The Ministry also has a policy to guide its practice on fixing a charge for the supply of official information. This policy could also be strengthened by adding details about public interest considerations, along with other factors that may favour remission of charges, and the tasks that can and cannot be charged for.

In the interest of transparency, I suggest that the Ministry publish both its charging and proactive release policies once they are finalised. These policies should also include document control elements to help ensure that it is clear who has executive responsibility for adherence with the policies, and that timely reviews and updates occur.


Implement improvements to IM systems to ensure that information is in an accessible form so as to be able to be used for subsequent reference in line with section 17(2) of the Public Records Act.

Action points: Internal policies, procedures and resources

  1. Review and amend charging policy in accordance with my suggestions to provide details of:
    • the considerations around how and whether to charge for the supply of information;
    • remission of charges; and
    • tasks that may and may not be charged for.
  2. Ensure appropriate document control measures exist, along with clear executive responsibility for the charging policy, to ensure regular reviews and updates occur.
  3. Once finalised, publish the charging policy.
  4. Review and amend OIA guidance incorporating my suggestions to include information about:
    • how to consider requests for urgency;
    • how to consider and apply the withholding provisions in section 6, 9 and 18 of the OIA (although agencies can use guidance produced by my office as a reference when considering the application of withholding grounds, it is good practice to collate their own materials to assist staff which include more specific examples based on the types of requests they receive frequently);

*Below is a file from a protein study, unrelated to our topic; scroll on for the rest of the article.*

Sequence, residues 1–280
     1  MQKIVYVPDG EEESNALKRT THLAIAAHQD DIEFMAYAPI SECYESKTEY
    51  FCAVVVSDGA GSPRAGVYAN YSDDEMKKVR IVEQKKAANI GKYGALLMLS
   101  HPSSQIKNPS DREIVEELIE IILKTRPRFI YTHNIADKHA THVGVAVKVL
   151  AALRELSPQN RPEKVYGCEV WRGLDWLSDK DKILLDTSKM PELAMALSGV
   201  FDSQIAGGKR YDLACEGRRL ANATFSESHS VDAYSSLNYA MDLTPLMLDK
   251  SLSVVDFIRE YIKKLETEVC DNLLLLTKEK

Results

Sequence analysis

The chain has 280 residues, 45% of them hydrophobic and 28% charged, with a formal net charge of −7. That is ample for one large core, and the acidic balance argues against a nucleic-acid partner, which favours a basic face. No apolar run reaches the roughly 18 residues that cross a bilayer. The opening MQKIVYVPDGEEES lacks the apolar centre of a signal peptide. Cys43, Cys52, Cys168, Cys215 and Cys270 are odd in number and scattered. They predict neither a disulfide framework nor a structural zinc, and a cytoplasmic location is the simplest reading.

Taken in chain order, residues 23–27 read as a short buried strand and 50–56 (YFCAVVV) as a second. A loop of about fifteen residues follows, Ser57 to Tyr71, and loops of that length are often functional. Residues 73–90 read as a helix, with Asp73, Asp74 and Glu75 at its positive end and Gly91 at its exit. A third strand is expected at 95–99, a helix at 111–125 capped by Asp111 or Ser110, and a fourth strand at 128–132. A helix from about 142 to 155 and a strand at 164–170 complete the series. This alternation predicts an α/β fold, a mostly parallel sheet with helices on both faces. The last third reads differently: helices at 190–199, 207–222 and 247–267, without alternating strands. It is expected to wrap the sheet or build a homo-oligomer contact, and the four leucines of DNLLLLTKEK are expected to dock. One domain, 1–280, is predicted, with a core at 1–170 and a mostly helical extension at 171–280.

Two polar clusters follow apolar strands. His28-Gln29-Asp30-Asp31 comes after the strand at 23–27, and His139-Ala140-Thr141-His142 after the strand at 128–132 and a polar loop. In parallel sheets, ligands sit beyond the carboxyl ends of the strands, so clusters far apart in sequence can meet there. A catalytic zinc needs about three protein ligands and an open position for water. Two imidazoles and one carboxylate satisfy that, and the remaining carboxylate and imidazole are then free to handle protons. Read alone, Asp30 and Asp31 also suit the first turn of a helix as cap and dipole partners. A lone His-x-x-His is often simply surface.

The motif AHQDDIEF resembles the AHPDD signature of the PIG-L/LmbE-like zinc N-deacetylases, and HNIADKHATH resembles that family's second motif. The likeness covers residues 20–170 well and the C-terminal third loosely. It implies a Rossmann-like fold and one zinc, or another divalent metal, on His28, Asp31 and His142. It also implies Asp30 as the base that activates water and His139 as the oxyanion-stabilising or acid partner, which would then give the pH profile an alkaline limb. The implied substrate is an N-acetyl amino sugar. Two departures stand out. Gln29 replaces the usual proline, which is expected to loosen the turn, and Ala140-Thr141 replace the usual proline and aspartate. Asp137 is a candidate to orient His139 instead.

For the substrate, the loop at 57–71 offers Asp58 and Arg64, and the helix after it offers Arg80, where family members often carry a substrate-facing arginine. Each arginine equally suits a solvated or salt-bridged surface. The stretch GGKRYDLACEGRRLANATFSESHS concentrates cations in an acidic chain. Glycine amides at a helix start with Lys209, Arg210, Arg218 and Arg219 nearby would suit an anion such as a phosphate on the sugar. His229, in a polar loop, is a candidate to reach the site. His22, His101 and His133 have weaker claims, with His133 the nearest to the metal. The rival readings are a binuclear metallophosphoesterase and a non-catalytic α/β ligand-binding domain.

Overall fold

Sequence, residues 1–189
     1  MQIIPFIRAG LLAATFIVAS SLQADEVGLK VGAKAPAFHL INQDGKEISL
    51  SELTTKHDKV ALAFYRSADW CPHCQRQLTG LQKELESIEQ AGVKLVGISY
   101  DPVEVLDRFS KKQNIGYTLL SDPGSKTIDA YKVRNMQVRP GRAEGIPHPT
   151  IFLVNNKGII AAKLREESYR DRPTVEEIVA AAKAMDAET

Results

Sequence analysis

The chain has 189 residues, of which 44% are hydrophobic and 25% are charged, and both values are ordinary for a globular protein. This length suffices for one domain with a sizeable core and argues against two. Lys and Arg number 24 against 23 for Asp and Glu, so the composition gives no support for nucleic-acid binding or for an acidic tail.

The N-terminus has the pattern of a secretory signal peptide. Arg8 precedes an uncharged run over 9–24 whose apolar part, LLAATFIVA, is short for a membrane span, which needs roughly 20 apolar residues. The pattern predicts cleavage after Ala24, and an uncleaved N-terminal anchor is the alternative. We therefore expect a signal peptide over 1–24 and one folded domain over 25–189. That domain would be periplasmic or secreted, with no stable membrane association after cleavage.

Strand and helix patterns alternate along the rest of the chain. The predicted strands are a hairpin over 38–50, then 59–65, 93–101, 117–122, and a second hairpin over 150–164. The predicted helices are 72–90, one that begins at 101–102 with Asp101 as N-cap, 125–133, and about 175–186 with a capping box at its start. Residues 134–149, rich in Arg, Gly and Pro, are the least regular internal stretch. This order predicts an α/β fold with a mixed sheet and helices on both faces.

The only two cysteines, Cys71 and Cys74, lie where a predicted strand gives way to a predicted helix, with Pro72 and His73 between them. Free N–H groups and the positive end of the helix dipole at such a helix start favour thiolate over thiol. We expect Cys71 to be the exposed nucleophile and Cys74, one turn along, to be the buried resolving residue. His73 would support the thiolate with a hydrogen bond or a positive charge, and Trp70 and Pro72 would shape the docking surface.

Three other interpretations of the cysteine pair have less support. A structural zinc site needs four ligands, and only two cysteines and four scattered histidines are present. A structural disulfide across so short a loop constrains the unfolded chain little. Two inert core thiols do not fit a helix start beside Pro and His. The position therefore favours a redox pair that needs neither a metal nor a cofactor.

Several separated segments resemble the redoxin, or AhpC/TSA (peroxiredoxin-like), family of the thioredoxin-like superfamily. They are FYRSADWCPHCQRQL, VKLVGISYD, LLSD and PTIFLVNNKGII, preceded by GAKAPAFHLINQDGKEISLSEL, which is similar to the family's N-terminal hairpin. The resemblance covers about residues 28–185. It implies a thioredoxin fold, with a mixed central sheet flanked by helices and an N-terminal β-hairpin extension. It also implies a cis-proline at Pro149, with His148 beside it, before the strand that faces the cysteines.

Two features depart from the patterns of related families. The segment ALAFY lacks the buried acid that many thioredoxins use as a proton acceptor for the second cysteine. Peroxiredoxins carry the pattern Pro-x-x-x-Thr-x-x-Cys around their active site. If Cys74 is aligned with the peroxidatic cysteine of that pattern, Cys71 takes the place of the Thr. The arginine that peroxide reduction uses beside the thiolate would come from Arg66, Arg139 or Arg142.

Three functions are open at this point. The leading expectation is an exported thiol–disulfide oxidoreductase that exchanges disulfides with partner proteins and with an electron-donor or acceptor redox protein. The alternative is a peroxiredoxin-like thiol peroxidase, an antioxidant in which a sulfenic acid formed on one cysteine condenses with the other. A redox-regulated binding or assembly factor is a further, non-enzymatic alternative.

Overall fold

• the agency’s duty under section 13 of the OIA to give reasonable assistance to requesters;
    • how to apply the public interest test, and where this is applicable; and
    • alternative methods of allowing access to information.
  5. Refine the proactive release policy incorporating my suggestions to:
    • ensure public interest considerations for releasing information are detailed and align with the principle and purposes of the OIA;
    • include document control elements such as review dates and the role which holds executive responsibility for administering the policy; and
    • include a commitment to releasing information in the most useable form (in accordance with the New Zealand Government Open Access and Licensing framework).
  6. Once finalised, promote the proactive release policy among senior leaders and staff.
  7. Once finalised, publish the proactive release policy.
  8. Ensure a senior manager is assigned strategic responsibility and executive accountability for administering the proactive release policy

[1] Link to Off the Record: An investigation into the Ministry of Health’s collection, use, and reporting of information about the deaths of people with intellectual disabilities.